It has been handed to me to guide you through the awe and wonder of the real time strategy game Tryst, which hales from the indie game company BlueGiant. Our adventure takes place deep in outer space on the mining planet Ishtonia. The planet’s inhabitants have been warring for over a decade: a war between the mining company Rhyntech and the criminal rebel outlaws. The arrival of the alien species known as the Zally brought a worldwide ceasefire. But it didn’t last long. A new war started, this time between the Zally and the human race, when it was discovered that the Zally had been researching using the mined substance known as Lowhum and making it into a weapon. Your journey begins as Oliver Petrovich, son of Rhyntech’s President and the democratically elected president of the planet. Your ship has been shot down while on your way to a summit meeting to discuss how to deal with the Zally. You must fight your way to the summit meeting, only to find your father has been killed, and now you must lead the humans of Ishtonia against the horde of Zally.
The artists took a real dark gothic approach to creating this game, using the dark terrain while making the surrounding environment colorful, causing you to pause on your journey to stare at a strange writhing red thing wondering whether it’s a plant or an animal: a nice contrast in aesthetics. Whilst the graphics of the actual gameplay were very well drawn and showed amazing detail for this style of game, I felt that the cutscenes and cinematics left much to be desired. They made use of a motion comic style, making me feel as if the designers tackled cut scenes more like a small side project. It was difficult to really appreciate what was happening in the story.
The voice acting would have you believe you’re watching an old Russian film save for a certain character named Bose, who based on his accent, might well have fallen straight off a pirate ship. Not forgetting some very optimistic medics who really know how to brighten up a room: a tricky task considering the severity of Russian accents!
The entire mission depends on your success in the previous – you usually bring the soldiers you had with you when you completed the last mission, making you appreciate how effective your strategies have been. The game forces you to think of better ways to use your soldiers so as not to go with the tasteless approach of sending waves upon waves of foot soldiers to accomplish your mission. Annoyingly, you’re forced to see all the possible units in the game, despite not being able to use them. It takes away that giddy feeling I would always get when I discovered I had gotten a new soldier or transportation. Sadly within this game you soon discover all your units, and it’s not hard to make a pretty accurate guess at what they do – though it still leaves you with the suspense of finding out when you will be able to use these units. The maps tend to be linear, rarely allowing you to deviate from a certain path, but this is counteracted by the use of aircraft which don’t have to follow the trail, and are welcome to freely move: a useful tactic in a battle, save for the lack of carrying capacity (which can cause a big damper on battle plans). You can feel the creators made the game so it gives you a sense of urgency, and this is mainly prevalent with the dealing in time limits while still allowing you to build an army of sorts. Having said that, you can still spend a couple hours on a single mission. This process is considerably slowed down due to your need for ore and energy needed to create your units. Your supply of ore is unlimited: a welcome feature, as you don’t have to waste time creating scavengers and miners to get your supplies. The only drawback comes from your mining machine, which can only draw so much ore at a time, leaving you vulnerable to enemy attack.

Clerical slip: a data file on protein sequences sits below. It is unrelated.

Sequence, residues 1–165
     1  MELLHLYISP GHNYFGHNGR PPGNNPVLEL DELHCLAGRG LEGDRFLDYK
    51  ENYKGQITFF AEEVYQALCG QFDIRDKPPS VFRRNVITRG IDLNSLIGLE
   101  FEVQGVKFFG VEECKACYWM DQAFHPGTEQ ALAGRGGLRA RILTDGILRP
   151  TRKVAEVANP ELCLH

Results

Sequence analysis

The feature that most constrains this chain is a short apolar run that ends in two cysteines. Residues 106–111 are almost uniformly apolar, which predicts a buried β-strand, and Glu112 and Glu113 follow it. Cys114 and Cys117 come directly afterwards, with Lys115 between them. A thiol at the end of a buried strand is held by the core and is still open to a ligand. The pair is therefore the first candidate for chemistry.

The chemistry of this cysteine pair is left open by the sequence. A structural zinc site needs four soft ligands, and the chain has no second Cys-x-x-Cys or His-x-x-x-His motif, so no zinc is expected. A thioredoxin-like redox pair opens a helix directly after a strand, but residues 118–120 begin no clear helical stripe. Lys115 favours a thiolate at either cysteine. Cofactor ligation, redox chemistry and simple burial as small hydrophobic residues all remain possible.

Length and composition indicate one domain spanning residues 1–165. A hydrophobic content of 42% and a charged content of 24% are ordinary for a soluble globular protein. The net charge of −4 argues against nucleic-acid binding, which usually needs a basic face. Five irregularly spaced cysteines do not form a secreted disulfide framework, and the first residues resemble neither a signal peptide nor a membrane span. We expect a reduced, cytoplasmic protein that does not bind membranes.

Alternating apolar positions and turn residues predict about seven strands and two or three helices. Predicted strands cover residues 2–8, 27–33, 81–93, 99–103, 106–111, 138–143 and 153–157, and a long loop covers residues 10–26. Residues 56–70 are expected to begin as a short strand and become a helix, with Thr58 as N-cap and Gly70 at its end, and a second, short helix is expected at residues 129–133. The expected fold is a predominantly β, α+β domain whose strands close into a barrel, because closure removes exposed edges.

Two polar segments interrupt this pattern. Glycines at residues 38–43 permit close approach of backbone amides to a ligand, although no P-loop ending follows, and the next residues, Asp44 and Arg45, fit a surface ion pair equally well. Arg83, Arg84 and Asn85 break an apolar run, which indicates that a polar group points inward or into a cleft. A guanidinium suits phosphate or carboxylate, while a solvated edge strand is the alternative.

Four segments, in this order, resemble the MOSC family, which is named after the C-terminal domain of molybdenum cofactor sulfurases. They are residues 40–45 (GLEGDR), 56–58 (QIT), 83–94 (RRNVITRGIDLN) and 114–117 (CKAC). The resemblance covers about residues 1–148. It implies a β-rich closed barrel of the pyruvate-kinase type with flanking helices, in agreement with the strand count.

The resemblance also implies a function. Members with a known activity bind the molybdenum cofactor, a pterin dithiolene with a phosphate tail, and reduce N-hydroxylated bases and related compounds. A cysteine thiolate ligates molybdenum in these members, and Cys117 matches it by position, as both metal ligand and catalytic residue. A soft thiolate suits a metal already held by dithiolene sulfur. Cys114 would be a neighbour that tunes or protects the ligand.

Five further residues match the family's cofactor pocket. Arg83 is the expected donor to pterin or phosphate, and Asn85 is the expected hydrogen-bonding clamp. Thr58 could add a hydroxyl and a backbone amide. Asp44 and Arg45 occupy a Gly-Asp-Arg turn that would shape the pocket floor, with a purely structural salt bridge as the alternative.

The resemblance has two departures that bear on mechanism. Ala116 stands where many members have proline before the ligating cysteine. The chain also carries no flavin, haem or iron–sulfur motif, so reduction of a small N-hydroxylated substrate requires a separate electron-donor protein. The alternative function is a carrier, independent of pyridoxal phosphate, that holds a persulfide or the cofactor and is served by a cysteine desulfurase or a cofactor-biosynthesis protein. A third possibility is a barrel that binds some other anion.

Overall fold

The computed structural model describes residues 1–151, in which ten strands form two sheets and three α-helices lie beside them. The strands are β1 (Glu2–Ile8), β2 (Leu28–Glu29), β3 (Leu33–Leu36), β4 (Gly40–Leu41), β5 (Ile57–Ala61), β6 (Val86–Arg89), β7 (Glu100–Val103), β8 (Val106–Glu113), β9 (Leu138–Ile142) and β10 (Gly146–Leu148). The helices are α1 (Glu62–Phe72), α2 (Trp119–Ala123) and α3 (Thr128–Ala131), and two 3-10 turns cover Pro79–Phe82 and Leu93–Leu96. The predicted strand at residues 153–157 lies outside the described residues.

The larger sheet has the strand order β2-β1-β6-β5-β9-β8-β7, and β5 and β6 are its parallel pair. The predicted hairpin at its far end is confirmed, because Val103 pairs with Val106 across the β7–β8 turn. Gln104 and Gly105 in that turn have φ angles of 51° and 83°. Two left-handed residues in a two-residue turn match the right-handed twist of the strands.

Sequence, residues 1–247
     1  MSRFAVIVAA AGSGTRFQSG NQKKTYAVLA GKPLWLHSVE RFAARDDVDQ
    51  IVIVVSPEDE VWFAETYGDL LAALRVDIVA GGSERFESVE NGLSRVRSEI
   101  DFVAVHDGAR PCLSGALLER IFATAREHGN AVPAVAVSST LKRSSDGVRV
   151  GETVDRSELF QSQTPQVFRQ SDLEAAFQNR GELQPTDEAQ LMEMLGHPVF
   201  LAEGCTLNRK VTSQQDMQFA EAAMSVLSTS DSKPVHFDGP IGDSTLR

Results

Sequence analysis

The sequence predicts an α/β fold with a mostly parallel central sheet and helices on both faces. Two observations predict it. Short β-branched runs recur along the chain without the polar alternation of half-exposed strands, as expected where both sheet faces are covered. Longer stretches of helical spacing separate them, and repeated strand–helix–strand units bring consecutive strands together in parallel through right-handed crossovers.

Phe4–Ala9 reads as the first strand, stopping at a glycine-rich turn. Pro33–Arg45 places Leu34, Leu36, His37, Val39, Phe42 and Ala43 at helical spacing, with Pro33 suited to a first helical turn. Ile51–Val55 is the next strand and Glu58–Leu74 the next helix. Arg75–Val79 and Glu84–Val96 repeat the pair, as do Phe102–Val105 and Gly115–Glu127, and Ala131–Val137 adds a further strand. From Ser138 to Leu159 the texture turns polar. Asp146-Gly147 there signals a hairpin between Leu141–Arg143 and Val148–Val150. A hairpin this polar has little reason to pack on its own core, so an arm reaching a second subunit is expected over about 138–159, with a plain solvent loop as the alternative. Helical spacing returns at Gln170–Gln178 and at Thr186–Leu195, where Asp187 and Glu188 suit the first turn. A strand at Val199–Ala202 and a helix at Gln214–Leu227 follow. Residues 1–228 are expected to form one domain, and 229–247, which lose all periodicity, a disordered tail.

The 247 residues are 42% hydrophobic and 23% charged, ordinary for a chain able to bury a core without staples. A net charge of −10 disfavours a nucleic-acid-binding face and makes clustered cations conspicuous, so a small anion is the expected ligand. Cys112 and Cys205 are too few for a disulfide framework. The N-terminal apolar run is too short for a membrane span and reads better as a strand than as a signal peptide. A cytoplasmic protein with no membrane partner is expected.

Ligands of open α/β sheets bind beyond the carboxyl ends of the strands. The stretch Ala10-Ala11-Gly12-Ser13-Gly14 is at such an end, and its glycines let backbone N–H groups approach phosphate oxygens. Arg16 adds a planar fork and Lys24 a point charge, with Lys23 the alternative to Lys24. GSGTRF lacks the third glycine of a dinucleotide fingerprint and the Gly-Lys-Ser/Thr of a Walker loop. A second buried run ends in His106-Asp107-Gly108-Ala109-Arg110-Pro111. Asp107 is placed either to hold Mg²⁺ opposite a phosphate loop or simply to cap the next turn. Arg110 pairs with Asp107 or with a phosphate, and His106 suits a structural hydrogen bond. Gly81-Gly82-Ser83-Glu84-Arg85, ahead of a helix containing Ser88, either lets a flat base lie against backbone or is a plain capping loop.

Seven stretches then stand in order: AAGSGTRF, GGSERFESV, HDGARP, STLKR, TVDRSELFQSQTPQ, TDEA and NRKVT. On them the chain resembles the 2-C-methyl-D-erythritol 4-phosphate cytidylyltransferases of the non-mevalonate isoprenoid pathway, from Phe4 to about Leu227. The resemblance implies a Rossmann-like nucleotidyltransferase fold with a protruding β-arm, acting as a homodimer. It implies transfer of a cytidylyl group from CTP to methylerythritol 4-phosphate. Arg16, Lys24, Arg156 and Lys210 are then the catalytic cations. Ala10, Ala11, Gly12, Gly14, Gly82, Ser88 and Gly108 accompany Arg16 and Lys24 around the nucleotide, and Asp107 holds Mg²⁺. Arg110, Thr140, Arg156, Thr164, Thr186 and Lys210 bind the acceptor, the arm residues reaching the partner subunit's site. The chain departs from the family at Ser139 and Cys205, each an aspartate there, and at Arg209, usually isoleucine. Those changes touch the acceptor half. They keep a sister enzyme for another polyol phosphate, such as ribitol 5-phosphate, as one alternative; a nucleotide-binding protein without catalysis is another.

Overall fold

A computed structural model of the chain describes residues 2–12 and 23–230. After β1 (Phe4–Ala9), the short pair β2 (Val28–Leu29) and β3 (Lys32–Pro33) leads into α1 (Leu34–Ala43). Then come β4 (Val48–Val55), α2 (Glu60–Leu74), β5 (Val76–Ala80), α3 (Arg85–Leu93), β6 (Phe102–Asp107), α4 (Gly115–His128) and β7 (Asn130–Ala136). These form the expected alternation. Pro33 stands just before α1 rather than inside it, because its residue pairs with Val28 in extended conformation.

I found the controls for this game to be simple yet complicated. It sometimes felt like you needed three hands in order to take full use of the gameplay. You can make decisions and control units through the keyboard, but you still need the mouse to move them which can cause a delay, and this becomes a hassle when trying to have your soldiers multitask. Every time you move your soldiers you get the classic conformation from your men depending on who you’re controlling, which, in my opinion, can be quite annoying.
In conclusion, the game is decent. The environments were very well done and the voice acting made you appreciate how serious a war can be. However, the controls did not come off as user friendly, requiring you to constantly switch between keyboard and mouse. Besides Bose the characters of the game were all very similar and predictable. There’s also no depth to the characters, yourself, and your purpose seems vague, bordering on non-existent. The game does have its relative merits, but overall I wouldn’t say it’s worth a purchase.
- Interesting and visually nice environments
- Good quality voice acting
- Forces you to think about strategy
- Poor controls
- No real sense of purpose or depth to characters
- Poor cutscenes
Tryst is out now on PC (reviewed).
Review copy kindly provided by Evolve PR.